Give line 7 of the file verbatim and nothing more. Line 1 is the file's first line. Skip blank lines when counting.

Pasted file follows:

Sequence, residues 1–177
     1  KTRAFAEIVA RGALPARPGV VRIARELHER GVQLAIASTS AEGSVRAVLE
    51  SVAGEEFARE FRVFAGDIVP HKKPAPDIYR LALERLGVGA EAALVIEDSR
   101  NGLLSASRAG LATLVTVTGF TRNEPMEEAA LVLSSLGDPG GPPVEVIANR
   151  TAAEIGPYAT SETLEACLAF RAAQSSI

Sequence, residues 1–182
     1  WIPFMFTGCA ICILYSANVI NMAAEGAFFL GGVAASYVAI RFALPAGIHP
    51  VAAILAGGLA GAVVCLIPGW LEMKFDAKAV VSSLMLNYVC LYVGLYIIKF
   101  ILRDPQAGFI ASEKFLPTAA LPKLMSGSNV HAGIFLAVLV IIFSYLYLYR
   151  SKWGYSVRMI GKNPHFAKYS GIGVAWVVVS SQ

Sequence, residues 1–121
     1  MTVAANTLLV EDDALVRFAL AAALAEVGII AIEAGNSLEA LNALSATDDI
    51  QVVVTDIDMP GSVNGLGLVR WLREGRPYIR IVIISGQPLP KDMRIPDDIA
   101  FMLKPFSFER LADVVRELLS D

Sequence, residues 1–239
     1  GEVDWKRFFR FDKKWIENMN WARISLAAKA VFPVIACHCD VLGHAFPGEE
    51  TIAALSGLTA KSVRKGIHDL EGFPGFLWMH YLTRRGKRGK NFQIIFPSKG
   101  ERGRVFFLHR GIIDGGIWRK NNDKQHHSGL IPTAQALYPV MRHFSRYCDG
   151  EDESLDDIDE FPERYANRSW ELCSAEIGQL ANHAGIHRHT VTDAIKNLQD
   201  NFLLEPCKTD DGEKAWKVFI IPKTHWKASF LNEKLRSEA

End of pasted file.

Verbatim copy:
     1  WIPFMFTGCA ICILYSANVI NMAAEGAFFL GGVAASYVAI RFALPAGIHP